In the past 6 years, more than 5 million Americans have filed for bankruptcy. And while many people believe that filing for bankruptcy causes long-term financial ruin—and will keep them from ever being able to purchase a home—it turns out that might not be the case.
According to The Cost of Bankruptcy, a recent study from Lending Tree, within a year, 43% of people with a bankruptcy on their record are able to get their credit score to 640 or higher, which is the credit level typically necessary to qualify for a mortgage. Within two years of filing bankruptcy, that number jumps to 65% and at five years, 75% of people who filed bankruptcy have a FICO score of 640 or above.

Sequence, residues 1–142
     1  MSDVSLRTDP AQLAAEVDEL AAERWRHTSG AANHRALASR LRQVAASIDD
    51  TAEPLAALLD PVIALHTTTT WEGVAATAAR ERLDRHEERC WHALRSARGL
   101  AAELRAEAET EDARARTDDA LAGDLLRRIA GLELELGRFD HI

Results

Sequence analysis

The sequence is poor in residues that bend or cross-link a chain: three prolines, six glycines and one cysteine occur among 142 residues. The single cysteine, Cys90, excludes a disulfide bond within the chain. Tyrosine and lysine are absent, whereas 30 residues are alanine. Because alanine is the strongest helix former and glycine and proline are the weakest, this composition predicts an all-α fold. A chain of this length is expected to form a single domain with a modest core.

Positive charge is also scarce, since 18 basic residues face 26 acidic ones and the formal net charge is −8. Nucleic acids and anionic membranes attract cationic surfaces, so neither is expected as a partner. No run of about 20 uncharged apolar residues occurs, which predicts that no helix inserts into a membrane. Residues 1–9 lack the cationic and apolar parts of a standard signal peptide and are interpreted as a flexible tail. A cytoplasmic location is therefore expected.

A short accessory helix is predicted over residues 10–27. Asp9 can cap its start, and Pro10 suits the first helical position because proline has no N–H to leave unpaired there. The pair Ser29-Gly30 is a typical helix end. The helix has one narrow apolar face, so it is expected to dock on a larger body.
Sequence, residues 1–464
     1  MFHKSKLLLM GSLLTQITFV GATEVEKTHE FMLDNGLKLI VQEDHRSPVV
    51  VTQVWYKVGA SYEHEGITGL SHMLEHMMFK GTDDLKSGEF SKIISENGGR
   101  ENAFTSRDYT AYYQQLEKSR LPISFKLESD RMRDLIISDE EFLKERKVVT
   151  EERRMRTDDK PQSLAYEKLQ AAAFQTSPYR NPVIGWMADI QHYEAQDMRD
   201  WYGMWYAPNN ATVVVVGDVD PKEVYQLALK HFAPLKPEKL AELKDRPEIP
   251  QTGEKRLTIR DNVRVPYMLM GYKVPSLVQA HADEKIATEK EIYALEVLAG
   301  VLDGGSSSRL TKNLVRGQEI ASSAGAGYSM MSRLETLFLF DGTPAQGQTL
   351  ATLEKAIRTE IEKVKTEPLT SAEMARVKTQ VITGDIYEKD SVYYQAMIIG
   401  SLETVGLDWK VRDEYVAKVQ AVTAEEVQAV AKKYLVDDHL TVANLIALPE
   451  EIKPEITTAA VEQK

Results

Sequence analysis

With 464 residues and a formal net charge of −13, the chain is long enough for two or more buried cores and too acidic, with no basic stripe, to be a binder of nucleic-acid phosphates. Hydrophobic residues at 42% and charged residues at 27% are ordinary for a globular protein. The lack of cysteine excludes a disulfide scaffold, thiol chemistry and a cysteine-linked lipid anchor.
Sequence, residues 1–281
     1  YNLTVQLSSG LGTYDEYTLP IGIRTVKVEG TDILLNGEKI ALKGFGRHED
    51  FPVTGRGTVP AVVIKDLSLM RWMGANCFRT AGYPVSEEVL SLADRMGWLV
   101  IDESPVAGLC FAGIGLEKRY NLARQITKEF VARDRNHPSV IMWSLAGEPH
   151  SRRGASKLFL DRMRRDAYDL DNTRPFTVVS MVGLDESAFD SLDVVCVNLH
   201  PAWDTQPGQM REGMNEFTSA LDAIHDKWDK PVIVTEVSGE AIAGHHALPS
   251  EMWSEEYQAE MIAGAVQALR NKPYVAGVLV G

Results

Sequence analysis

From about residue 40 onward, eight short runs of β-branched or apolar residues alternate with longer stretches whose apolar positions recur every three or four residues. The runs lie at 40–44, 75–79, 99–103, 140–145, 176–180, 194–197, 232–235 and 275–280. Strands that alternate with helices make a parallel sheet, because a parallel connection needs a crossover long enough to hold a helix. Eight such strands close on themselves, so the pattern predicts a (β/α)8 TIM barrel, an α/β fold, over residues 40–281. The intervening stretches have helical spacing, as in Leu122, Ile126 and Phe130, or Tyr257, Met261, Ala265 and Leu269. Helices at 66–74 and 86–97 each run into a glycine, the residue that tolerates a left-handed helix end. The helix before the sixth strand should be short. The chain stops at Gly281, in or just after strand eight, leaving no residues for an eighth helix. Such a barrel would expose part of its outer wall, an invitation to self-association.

Now, if you have a bankruptcy on file and a credit score on the lower end of the qualifying spectrum, you’re likely to pay higher interest rates. But if you can get your score up, your bankruptcy is unlikely to have a major impact on your loan. According to the study, people with a credit score between 720 and 739 who applied for a mortgage three years after filing for bankruptcy were offered similar interest rates to those without a bankruptcy on their credit file.